With the development of less expensive, advanced technologies for sequencing DNA and locating gene mutations and polymorphisms relevant to drug response, there has been greater incorporation of precision medicine protocols into clinical trials.
However, the rise in utilisation of personalised approaches has not resulted in a significant increase in the development of effective therapies. It is likely that important pieces of the puzzle underlying our understanding of human disease have yet to be discovered.
Current research indicates that the human genome is not the only factor impacting disease diagnosis, prognosis, and response to drug treatment. Increased understanding of metabolic pathways and resulting metabolites has uncovered major roles in disease and these are now being explored further in the development of personalised therapies across various indications.
In addition, a third major player involved in disease is the human microbiome, a complement of bacteria that reside either normally or as a result of certain pathologies or imbalances within the body. Recent research into the human microbiome is starting to uncover evidence that bacteria normally resident to the human body play a major role in determining the pathogenesis of disease, as well as in drug response. These can be utilised by drug developers in tailoring specific, more efficacious therapies.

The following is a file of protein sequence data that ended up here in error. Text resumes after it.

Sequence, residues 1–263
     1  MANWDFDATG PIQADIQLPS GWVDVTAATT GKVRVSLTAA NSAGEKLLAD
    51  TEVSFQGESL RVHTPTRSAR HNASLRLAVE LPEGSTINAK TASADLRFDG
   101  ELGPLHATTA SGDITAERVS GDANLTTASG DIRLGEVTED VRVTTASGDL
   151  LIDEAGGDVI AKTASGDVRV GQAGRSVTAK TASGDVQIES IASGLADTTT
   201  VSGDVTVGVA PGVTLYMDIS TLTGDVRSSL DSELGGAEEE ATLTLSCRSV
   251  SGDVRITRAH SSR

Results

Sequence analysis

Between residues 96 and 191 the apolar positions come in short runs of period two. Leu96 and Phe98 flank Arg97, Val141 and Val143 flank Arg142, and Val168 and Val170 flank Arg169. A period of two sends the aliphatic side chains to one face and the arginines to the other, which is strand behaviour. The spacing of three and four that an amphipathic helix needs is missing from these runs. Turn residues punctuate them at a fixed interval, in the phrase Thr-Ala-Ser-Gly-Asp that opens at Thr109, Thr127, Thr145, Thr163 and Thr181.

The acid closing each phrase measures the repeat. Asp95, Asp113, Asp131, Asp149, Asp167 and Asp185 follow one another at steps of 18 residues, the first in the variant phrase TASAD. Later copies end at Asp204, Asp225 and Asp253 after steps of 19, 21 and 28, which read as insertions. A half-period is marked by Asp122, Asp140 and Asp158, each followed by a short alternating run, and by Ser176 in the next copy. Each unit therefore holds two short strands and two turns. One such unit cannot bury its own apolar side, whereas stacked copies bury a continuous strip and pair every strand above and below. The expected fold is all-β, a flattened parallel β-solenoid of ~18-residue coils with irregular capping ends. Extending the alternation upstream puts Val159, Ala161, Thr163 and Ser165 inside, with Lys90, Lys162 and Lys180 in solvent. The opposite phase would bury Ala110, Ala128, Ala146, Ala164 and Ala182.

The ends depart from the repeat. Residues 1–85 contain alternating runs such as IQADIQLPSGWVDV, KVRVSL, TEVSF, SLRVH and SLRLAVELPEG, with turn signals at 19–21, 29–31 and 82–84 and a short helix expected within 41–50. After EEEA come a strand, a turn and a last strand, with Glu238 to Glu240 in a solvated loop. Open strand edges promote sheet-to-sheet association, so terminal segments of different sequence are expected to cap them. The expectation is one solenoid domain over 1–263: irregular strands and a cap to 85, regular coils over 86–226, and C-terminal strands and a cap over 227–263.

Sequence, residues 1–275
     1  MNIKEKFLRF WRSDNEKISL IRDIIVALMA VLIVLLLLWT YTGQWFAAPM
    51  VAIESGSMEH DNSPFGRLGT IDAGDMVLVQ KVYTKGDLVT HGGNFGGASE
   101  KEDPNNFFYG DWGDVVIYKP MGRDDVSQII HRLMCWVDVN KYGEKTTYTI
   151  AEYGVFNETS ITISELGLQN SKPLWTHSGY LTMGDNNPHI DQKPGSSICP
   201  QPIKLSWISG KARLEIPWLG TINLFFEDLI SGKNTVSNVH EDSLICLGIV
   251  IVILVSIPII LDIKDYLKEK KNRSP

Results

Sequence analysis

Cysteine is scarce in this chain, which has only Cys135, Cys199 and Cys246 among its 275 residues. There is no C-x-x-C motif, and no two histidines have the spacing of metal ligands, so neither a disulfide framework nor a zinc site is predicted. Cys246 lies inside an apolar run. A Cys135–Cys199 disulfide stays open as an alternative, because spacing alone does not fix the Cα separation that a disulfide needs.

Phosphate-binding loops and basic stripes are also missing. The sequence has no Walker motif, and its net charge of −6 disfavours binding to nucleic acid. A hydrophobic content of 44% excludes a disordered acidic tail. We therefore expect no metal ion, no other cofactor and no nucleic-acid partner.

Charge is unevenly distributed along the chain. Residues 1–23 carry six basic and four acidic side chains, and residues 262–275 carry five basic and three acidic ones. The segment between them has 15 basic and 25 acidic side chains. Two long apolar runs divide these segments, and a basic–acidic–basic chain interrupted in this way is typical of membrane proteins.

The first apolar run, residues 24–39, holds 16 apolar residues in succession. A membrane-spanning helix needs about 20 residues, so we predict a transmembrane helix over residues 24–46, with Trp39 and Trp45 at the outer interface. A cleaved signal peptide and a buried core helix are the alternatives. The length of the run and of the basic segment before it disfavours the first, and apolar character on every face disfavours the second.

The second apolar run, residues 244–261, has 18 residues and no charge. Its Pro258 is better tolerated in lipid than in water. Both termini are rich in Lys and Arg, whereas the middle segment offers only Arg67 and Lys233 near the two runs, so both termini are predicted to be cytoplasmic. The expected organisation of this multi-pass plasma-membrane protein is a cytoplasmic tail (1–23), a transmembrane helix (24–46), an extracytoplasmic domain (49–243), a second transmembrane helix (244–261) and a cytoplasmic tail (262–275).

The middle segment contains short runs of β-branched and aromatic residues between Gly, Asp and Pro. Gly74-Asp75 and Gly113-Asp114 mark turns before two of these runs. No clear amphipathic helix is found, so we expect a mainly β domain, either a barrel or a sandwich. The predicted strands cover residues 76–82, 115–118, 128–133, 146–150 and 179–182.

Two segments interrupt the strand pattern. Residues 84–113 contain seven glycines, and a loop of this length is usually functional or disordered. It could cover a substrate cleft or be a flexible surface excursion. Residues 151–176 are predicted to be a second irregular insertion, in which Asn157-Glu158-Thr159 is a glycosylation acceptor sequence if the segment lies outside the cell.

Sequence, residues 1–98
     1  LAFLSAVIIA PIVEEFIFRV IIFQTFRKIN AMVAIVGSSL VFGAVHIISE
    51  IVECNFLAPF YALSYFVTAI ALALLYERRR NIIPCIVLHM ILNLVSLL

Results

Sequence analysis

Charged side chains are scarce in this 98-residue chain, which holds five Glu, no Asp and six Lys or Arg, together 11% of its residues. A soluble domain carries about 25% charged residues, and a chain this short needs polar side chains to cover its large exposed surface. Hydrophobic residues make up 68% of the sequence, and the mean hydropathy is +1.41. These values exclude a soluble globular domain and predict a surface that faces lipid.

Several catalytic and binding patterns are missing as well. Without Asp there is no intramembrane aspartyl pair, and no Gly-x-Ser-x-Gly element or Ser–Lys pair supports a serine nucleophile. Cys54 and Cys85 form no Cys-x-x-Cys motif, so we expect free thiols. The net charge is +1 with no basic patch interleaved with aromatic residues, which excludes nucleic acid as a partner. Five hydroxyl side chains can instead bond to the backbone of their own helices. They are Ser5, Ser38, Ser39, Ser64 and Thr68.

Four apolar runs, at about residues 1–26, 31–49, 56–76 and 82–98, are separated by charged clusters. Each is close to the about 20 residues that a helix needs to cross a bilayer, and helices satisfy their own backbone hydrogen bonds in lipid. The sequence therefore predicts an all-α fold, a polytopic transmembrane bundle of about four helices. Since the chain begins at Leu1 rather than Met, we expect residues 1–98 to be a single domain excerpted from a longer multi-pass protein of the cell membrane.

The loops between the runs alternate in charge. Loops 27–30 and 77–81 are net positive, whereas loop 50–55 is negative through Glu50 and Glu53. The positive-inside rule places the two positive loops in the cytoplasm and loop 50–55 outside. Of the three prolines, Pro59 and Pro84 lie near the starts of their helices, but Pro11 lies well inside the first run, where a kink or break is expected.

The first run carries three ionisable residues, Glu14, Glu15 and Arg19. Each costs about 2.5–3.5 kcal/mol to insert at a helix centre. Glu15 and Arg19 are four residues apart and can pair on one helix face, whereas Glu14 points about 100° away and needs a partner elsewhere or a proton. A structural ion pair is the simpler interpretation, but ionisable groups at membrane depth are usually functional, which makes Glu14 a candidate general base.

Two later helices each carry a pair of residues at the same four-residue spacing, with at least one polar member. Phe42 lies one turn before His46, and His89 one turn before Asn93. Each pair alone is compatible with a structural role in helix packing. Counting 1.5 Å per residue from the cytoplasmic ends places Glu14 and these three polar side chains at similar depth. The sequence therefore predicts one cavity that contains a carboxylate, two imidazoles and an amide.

The involvement of microorganisms in infectious diseases, cancer, central nervous system disorders, and metabolic disorders, suggests that cross-therapeutic approaches in developing therapies may meet higher success than the focus on specific diseases.
The traditional paradigm of approving drugs for a specific disease is starting to change. The recent US Food and Drug Administration (FDA) approval in May of the immuno-oncology checkpoint modulator Keytruda for any patient with Microsatellite Instability-High (MSI-H) or mismatch repair deficient, unresectable, or metastatic solid tumours is one of the examples.
Recent research has shown that the human complement of bacteria in various locations throughout the body falls into different subtypes indicating that particular microbiome subtypes may be correlated with development of certain diseases and play important roles in drug efficacy and safety in these populations.
The future of drug development may include fewer approvals restricted to specific disease indications, and more approvals based on broader criteria such as microbiome subtypes, possibly ushering in a new era of the blockbuster drug, ironically borne of a personalised medicine approach.